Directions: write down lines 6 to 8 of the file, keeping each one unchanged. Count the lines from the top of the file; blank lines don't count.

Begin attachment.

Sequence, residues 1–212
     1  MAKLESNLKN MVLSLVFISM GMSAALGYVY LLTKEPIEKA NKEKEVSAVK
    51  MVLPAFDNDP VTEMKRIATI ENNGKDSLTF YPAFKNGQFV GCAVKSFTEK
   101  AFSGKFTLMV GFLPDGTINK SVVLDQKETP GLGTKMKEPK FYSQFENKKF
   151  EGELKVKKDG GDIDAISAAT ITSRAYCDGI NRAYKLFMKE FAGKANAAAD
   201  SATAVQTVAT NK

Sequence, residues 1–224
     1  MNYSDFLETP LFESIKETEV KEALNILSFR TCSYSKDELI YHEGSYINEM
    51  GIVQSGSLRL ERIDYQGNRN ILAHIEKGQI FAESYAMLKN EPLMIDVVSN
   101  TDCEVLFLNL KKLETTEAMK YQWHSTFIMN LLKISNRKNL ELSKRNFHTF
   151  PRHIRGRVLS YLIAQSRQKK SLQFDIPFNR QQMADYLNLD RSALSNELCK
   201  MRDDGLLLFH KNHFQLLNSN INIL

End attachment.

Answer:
   201  SATAVQTVAT NK

Sequence, residues 1–224
     1  MNYSDFLETP LFESIKETEV KEALNILSFR TCSYSKDELI YHEGSYINEM